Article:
|A traditional house on the way to Panchami|
Next morning, we started early and passed through traditional houses, small tea-shops and community forests. On the way we came across fields of amriso. Ilam district in Eastern Nepal is famous for five 'As' -- aduwa (ginger), alainchi (cardamom), amriso (broom grass), aaloo (potato), and akbare (hot chilli).
Finally, after four hours’ walk we were at Chitre, a small bazaar on the way to Panchami. We talked with local leaders who would accompany us to Mangmalung the next day. We stayed at Panchami bazaar which was again an hour’s walk from Chitre. It was a stop-over for people travelling to Darjeeling, Sikkim and Bhutan in the earlier days.
|Together with local leaders from Mangmalung|
Next day, along with the local leaders and the main priest of Mangmalung religious site, we headed to explore the area. This religious site spreading over 45 hectares comprises forest, caves and huge stones of different shapes and forms. ‘Mangma’ means a lady shaman and ‘lung’ means a stone in Rai and Limbu languages. According to the caretaker priest Yahanchang Bhavendra Mampahang Rai, Guru Jyotinanda discovered, excavated and identified the huge stones scattered here and there throughout the forest. Famed yogis and gurus like Falgunanda, Atmananda Lingden among others meditated in the caves sprawling around in the forest.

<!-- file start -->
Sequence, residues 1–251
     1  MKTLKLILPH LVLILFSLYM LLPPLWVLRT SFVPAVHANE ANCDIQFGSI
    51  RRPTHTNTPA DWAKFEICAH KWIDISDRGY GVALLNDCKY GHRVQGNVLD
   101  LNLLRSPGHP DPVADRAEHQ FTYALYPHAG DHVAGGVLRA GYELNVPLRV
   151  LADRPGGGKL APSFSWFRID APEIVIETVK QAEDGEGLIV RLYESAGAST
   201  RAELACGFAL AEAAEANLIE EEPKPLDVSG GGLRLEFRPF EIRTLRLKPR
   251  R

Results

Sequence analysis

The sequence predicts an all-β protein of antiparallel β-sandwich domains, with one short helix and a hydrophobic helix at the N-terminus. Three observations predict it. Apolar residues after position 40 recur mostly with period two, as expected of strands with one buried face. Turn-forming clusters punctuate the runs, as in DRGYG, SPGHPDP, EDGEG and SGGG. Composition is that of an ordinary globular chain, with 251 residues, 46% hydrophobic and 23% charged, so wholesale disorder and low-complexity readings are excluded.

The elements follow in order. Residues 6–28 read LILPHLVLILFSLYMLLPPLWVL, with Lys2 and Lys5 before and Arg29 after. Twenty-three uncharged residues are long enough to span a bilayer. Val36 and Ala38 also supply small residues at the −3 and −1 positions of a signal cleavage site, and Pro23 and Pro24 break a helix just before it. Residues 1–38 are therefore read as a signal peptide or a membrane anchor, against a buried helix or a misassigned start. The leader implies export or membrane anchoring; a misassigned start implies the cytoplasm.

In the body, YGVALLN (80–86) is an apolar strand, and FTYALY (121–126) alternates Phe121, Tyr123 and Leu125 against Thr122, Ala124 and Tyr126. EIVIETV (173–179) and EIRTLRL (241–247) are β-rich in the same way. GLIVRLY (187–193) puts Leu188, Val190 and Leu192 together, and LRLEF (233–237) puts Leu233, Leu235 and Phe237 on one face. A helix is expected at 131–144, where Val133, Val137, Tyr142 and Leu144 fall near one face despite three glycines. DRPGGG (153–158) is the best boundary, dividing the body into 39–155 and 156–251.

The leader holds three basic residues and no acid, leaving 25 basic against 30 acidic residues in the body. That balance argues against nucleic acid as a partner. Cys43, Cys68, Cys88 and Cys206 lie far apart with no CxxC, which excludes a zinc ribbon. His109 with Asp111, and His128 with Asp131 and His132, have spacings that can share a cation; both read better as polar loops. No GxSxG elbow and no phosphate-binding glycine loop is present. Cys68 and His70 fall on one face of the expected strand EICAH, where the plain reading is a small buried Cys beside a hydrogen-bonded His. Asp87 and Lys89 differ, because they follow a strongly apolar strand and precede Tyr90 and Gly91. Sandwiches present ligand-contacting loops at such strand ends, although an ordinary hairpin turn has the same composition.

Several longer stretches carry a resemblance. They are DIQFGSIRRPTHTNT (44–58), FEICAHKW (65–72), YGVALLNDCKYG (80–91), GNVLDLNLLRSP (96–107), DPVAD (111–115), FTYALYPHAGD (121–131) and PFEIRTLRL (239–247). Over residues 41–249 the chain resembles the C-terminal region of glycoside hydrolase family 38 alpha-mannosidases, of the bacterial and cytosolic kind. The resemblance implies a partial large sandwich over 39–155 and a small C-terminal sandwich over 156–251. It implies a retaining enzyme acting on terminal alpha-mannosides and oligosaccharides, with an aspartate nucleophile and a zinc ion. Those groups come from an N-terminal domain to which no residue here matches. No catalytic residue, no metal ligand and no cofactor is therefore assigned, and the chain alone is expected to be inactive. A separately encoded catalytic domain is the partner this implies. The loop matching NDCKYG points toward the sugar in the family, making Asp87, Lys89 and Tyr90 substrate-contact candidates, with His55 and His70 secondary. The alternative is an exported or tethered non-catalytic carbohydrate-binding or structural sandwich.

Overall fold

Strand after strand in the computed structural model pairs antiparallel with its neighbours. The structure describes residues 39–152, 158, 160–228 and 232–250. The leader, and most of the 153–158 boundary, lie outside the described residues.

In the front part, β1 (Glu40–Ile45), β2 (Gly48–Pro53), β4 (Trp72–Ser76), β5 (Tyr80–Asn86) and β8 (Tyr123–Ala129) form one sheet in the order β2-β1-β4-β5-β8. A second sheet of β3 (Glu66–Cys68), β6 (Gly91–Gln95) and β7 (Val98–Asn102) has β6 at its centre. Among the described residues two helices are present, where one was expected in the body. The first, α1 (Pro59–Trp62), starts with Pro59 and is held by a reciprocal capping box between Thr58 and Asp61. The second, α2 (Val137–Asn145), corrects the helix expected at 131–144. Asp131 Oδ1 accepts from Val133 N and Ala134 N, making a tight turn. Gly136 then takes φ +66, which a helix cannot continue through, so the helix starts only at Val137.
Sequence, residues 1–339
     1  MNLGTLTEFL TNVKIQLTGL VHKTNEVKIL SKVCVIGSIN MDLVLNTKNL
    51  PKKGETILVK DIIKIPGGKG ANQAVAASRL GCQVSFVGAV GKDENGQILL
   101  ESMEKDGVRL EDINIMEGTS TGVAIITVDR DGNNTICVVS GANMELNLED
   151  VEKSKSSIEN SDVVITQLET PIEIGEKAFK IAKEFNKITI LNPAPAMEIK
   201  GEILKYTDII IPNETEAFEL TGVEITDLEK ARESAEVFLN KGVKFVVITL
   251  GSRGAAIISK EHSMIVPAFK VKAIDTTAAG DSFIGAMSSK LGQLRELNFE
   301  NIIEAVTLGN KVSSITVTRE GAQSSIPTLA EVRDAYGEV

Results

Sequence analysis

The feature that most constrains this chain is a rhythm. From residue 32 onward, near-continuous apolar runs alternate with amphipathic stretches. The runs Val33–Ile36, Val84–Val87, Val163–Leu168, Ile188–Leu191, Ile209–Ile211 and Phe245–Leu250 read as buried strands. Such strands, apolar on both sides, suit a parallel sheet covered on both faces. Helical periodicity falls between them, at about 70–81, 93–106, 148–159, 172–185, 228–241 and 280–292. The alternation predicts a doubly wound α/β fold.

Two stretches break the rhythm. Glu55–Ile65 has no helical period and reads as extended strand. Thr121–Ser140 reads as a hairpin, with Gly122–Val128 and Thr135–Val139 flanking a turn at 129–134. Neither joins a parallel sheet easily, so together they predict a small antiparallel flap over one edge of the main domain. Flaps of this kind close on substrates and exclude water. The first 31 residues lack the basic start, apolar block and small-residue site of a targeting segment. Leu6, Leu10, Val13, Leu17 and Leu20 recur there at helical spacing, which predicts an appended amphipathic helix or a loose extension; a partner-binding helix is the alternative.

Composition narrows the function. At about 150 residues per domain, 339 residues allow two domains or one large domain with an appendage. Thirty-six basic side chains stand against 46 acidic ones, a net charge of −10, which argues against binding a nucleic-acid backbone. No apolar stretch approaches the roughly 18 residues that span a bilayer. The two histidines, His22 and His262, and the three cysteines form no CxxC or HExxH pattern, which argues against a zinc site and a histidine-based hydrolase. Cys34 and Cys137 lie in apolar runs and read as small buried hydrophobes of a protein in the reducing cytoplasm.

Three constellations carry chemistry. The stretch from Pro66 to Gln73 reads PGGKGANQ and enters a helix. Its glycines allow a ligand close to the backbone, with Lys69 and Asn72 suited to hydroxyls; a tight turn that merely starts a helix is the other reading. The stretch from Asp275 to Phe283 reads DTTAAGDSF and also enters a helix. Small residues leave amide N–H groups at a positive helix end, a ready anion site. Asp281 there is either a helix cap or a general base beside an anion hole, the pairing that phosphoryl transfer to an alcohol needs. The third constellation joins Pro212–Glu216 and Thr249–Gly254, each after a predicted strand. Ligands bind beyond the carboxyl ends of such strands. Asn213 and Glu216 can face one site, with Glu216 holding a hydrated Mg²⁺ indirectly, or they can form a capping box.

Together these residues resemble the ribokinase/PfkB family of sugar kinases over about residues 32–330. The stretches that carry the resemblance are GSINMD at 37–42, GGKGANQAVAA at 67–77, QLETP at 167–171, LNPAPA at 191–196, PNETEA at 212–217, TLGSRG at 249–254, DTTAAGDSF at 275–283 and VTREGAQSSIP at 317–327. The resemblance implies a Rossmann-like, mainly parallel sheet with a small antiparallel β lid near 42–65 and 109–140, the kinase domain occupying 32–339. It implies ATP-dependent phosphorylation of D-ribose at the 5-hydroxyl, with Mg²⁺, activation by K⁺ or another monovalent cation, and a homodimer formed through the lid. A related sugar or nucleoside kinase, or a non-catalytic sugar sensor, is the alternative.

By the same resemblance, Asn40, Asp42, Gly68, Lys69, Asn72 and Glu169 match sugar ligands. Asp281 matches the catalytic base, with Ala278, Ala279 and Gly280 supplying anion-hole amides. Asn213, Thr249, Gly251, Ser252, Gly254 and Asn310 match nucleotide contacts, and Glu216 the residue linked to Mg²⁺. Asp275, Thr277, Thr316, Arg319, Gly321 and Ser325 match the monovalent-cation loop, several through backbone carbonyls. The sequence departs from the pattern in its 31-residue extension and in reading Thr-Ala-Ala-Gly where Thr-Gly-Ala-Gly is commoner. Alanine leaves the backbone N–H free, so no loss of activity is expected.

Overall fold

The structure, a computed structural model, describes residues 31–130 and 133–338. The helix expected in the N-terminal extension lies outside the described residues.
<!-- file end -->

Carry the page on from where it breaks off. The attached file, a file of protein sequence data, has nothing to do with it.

|Guru Bhavendra Rai|
“The area was a dense forest and travellers had to pass through it on their journey to Darjeeling, Sikkim and Bhutan,” said Kiran Rai, a local leader from Chitre. “According to legends, there lived a huge serpentine ghost in a pond and it used to devour the travellers, cattle and the local people frequenting the area.”
|The stone with seven cracks|
To get rid of the ghost, the locals called a ‘bijuwani’, a lady shaman who used a brass plate to foretell the existence of the ghost and while doing so, the stone nearby got seven cracks. She was finally able to kill the serpentine ghost which slithered down a hole to the current Ratuwa Khola before dying. People still believe the river got its name after it turned red from the blood of the serpent. And Mangmalung got its name after this incident!
|The pond where the serpent lived|
It took us almost a day inside the forest to visit each of the stone of different shape and form. Guru Bhavendra Rai was generous to talk about the importance of each stone relating to the incidents mentioned in Hindu scriptures. The most mysterious among them is a huge rock balanced on another rock which moves easily even if you pressing its tip with your small finger. I tried it and it started moving up and down. It has been there since many years and nobody actually knows how it is balanced in such a way. People, in the past, tried to move this rock to another place but none were successful in doing so.
|Mysterious rock that can be easily moved by the tip of your small finger|
|A rock at Mangmalung|
|A rock at Mangmalung|
We also ventured into two caves. At places we had to crawl like crabs and it was dark throughout with only small openings for light and air. However, one needs to be aware of bats and snakes in these caves. Since there are numerous rocks bearing interesting structures resembling animals, snakes, birds, gods and goddesses, you’ll need a local guide to learn more about the structures and the area.
|Mangmalung Tea Estate|
In the evening we went to Mangmalung Tea Estate. The tea gardens offer a spectacular sight and it’s different from other tea gardens in Ilam. And if you stay till the sun sets, you’ll be able to see the breathtaking view!
So when are you planning your trip to Mangmalung?